Advice & Best PracticeFeatures

The unclaimed tax savings hiding in properties

By Sam Moore, Incentives and Reliefs Manager and Mario Minchella, Incentives and Reliefs Manager 

With the chancellor’s newly implemented super deduction and the temporary extension of the annual investment allowance, a lot of noise has surrounded Capital Allowances over the last few years. 

And whilst it’s great to see that more focus is centralising on the relief, many are still left in the dark about the significant amount of tax relief that they could be sitting on – especially commercial property owners. 

It doesn’t matter how long you’ve owned the property for, or whether you own the building as a company or privately, as long as it’s a commercial property the relief could be worth more than 40% of the cost of the building. 

What are Capital Allowances and how do they work? 

Whether it’s a new construction, extension or refurbishment, Capital Allowances are available to anyone who is incurring costs on their properties. The rates of allowances stretch from 2%-150% of the expenditure incurred in the same period, so it can be a lifeline when it comes to easing your cash flow. 

Navigating your way through the eligibility criteria can be a daunting task, and identifying qualifying assets isn’t always a straight forward process. With this in mind, we’d always recommend consulting an expert on the matter, to make sure you’re staying compliant whilst also maximising the value of the relief. 

Unlocking embedded Capital Allowances 

Like many other business owners, you might not be considering refurbishing, extending or building during the current economic climate. But if this is the case for you, all is not lost. 

You could already be sitting on thousands of pounds worth of Capital Allowances embedded within your property, from air conditioning to internal doors, to lighting throughout the building. As long as the assets still belong to you as the taxpayer, historic claims can be made. 

Oftentimes when reviewing historic claims, additional value from your properties being uncovered too. We’ve seen time and again instances where claims haven’t been truly maximised. Whether it’s due to a lack of awareness, not being taxpaying when the expenditure was incurred, or thinking that all of the allowances have already been claimed.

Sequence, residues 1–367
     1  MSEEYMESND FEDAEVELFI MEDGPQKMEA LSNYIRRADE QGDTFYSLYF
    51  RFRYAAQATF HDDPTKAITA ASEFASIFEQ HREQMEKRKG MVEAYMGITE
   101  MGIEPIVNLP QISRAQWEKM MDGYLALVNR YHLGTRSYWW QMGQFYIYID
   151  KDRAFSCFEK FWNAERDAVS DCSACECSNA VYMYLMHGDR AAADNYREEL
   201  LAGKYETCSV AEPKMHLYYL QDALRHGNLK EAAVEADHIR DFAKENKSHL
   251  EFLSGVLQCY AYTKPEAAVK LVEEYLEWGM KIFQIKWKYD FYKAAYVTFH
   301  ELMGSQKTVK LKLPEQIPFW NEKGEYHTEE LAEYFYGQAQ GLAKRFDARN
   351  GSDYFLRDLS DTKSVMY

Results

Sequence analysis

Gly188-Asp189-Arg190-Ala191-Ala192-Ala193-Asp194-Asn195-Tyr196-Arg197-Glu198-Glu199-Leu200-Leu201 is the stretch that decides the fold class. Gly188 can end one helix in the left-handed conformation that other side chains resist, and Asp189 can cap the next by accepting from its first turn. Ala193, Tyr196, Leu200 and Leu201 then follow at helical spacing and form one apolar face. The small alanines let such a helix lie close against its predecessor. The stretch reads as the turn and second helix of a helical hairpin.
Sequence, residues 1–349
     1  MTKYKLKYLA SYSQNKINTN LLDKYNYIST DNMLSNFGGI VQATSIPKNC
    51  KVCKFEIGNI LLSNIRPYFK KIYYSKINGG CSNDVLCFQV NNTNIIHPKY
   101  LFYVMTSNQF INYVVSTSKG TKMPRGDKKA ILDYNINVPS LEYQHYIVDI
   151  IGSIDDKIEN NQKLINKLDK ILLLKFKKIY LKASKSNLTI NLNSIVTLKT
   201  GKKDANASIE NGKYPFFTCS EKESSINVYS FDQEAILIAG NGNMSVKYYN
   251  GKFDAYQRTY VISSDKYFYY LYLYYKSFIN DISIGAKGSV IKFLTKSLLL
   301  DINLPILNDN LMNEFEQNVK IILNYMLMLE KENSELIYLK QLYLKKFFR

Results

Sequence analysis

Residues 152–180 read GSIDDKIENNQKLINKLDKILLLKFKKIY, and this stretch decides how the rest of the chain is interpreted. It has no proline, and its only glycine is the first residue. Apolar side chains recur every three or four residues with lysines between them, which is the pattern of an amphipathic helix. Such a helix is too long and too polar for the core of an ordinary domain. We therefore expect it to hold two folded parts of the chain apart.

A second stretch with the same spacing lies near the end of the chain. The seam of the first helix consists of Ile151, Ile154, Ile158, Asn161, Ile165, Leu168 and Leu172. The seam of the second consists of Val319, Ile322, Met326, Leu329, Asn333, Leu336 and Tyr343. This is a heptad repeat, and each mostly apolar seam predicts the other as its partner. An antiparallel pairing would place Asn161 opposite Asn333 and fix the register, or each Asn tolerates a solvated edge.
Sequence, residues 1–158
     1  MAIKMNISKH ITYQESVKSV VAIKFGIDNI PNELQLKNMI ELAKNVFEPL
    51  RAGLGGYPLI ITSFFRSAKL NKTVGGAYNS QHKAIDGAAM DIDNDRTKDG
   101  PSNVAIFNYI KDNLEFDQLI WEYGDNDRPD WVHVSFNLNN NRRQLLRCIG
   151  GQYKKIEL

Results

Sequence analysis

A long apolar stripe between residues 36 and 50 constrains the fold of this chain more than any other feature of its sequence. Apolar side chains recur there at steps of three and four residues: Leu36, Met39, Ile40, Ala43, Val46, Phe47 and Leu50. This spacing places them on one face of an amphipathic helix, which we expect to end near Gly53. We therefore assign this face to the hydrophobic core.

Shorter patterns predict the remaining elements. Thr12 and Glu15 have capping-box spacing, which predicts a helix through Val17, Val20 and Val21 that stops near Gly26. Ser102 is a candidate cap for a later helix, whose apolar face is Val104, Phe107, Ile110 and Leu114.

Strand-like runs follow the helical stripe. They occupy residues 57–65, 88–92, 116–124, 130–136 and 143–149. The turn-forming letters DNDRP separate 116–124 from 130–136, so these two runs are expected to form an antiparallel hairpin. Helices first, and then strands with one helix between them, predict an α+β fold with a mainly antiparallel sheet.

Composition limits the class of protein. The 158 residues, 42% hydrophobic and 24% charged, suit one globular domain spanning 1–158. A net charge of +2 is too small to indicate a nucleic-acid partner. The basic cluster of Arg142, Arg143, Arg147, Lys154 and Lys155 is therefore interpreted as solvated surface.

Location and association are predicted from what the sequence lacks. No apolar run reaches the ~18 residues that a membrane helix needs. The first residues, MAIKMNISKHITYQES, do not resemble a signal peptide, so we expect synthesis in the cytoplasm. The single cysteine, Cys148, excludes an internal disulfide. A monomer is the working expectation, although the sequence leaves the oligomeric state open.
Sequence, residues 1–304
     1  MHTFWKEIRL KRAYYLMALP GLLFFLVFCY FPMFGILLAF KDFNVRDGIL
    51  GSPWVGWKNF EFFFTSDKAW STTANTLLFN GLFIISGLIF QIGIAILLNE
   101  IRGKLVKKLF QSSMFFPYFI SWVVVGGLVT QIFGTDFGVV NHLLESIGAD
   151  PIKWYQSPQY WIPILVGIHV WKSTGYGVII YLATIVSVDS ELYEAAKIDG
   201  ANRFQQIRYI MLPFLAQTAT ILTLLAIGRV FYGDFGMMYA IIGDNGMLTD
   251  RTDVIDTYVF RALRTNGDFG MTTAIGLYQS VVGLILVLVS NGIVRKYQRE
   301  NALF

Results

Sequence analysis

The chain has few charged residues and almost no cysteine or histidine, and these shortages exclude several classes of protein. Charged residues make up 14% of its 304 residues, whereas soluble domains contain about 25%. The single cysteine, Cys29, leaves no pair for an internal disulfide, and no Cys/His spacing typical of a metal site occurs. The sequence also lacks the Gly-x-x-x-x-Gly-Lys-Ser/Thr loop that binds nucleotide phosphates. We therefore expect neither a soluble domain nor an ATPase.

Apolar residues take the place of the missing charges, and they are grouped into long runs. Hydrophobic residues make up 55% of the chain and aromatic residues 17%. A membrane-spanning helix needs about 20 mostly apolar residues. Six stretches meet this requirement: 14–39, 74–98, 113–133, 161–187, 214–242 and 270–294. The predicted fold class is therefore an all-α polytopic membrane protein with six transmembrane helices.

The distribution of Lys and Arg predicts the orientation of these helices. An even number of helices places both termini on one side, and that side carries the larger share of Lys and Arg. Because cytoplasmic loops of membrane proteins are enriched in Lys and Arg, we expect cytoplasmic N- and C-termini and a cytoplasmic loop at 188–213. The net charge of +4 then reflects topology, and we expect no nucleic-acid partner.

So, if you’ve incurred expenditure on the acquisition, construction, or refurbishment of a property in the past, it could be well worth exploring your portfolio retrospectively. 

Surveying your property and assets 

Whilst most advisors and businesses will be aware of Capital Allowances in some way shape or form, relief for commercial property is a highly specialist subject matter. Meaning that it requires an expert eye to comprehensively survey your assets in order to unlock to true value of the claim. 

A Capital Allowance expert will come out to visit your property, undertake comprehensive survey of your property and assets and will gather all of the necessary information to maximise your claim. The likelihood is that if your advisor hasn’t done so, not all of the allowances you’re entitled to will have been claimed. 

The value of finding the right advisor 

The best way to understand the true value of the relief is to speak to a Capital Allowances advisor about your property – they will soon be able to identify and expose areas which you may not have realised were eligible for relief in the past, to help maximise the value of your claim. 

By Sam Moore, Incentives and Reliefs Manager and Mario Minchella, Incentives and Reliefs Manager

Sam Moore works with businesses across the country, from a variety of different sectors and industries, helping them to maximise tax reliefs available, in turn supporting them with their cashflow. He specialises in tax incentives and reliefs, including Patent Box, Capital Allowances and Land Remediation Relief. 

Mario Minchella specialises in Capital Allowances and Land Remediation Relief. He works with business owners from a range of different industries, across the UK, helping them to maximise the corporation tax benefits of investing in land, property and assets.

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